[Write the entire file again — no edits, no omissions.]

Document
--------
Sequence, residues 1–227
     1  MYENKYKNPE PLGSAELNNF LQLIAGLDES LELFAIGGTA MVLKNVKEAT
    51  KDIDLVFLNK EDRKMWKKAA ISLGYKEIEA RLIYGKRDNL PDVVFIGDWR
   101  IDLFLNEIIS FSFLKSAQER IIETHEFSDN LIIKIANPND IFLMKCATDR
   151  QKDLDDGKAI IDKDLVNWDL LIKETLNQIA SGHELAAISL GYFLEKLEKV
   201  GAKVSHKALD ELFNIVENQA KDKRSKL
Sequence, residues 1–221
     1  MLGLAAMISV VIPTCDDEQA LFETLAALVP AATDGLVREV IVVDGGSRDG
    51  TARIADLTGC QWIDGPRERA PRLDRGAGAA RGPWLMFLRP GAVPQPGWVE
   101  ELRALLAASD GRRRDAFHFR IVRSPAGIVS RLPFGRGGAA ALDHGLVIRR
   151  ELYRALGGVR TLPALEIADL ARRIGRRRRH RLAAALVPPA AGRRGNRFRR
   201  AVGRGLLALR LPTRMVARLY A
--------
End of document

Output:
Sequence, residues 1–227
     1  MYENKYKNPE PLGSAELNNF LQLIAGLDES LELFAIGGTA MVLKNVKEAT
    51  KDIDLVFLNK EDRKMWKKAA ISLGYKEIEA RLIYGKRDNL PDVVFIGDWR
   101  IDLFLNEIIS FSFLKSAQER IIETHEFSDN LIIKIANPND IFLMKCATDR
   151  QKDLDDGKAI IDKDLVNWDL LIKETLNQIA SGHELAAISL GYFLEKLEKV
   201  GAKVSHKALD ELFNIVENQA KDKRSKL
Sequence, residues 1–221
     1  MLGLAAMISV VIPTCDDEQA LFETLAALVP AATDGLVREV IVVDGGSRDG
    51  TARIADLTGC QWIDGPRERA PRLDRGAGAA RGPWLMFLRP GAVPQPGWVE
   101  ELRALLAASD GRRRDAFHFR IVRSPAGIVS RLPFGRGGAA ALDHGLVIRR
   151  ELYRALGGVR TLPALEIADL ARRIGRRRRH RLAAALVPPA AGRRGNRFRR
   201  AVGRGLLALR LPTRMVARLY A